Monday, September 16, 2013
Triggers -- Understanding from a Foster Child's Perspective Part 3
By John Ross
Reprinted with permission
In Part 1 and Part 2 of this series, John relayed how triggers develop. Now he gives us suggestions on how we can be more understanding as foster parents.
"Knowing what is played back in their head for each trigger, helps a great deal..."
This happens to some kids when they go home for supervised or unsupervised visits. That’s where the abuse took place for some of them. So, it stands to reason their behavior would be poorly when they return to our homes. Why would anyone expect every child to come back acting wonderfully pleasant? Bio doesn’t have to always do something to upset the child. The place for some is a trigger in of itself. I hear foster parents complain a lot about how horrible the kids behave after they return from visits with bio. For some kids, I expect it.
They don’t need a trigger; they are visiting where the incidents took place. The example would be; if I had just eaten the raw oatmeal without smelling it first. I then would not have to smell the raw oatmeal to trigger the incident of me eating it in the past, I am already eating it. So the kids don’t need triggers from our homes to bring back the incidents that took place in their homes, when they are visiting the environment where the incidents were created. So when they’ve been in my home, away from their abusive environment, and only remember the abuse if they have a trigger in my home, then they go home for a visit, I don’t complain when they come back with poor behavior. I can report it, and do, but not as a complaint.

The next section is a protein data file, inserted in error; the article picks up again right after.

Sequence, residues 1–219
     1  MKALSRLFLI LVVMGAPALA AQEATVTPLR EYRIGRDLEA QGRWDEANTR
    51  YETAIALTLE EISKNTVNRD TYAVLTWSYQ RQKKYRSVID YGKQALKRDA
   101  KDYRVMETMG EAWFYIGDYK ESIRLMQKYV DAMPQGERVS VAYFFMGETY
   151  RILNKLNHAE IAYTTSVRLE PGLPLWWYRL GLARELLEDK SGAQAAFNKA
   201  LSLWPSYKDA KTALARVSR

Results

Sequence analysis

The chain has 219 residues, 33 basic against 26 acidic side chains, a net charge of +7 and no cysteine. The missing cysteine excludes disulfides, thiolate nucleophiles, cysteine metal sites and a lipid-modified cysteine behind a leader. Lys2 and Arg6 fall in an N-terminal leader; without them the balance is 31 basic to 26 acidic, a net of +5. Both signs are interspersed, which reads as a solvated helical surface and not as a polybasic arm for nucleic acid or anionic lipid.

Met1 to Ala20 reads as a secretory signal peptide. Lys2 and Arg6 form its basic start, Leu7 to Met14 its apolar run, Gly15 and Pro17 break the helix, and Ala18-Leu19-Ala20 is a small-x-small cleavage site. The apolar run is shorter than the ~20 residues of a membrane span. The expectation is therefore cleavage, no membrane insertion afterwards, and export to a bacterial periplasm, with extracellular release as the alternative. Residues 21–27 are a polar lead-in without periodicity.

I look at their bio visits as a fresh coat of paint on the walls of their emotions. The smell will be there for a while after the visit, but it will soon go away. Only when they smell fresh paint again (the trigger) will they remember the incidents that got them into foster care in the first place. Just an example with the paint.
When we understand “how” triggers affect our kids, we are in a better position to either help them, or seek out the best support for them. All of the triggers that I have learned that are for certain; I pass what is appropriate along to the school. I pass all of it along to the therapist. I include them in my weekly/monthly reports to the social worker/attorney. Keeping everyone on the same page helps a great deal.
These are just my thoughts from the perspective of a foster parent. I am not a therapist nor psychologist, so I don’t impart this as having a degree in this field. The only degree I have is life itself. It is only factual in that I myself experienced it and dealt with it here and there and learned something from it that has helped me a great deal in helping the kids that come through my home.
John Ross is a fellow foster parent who enjoys sharing advice with others who are along this journey.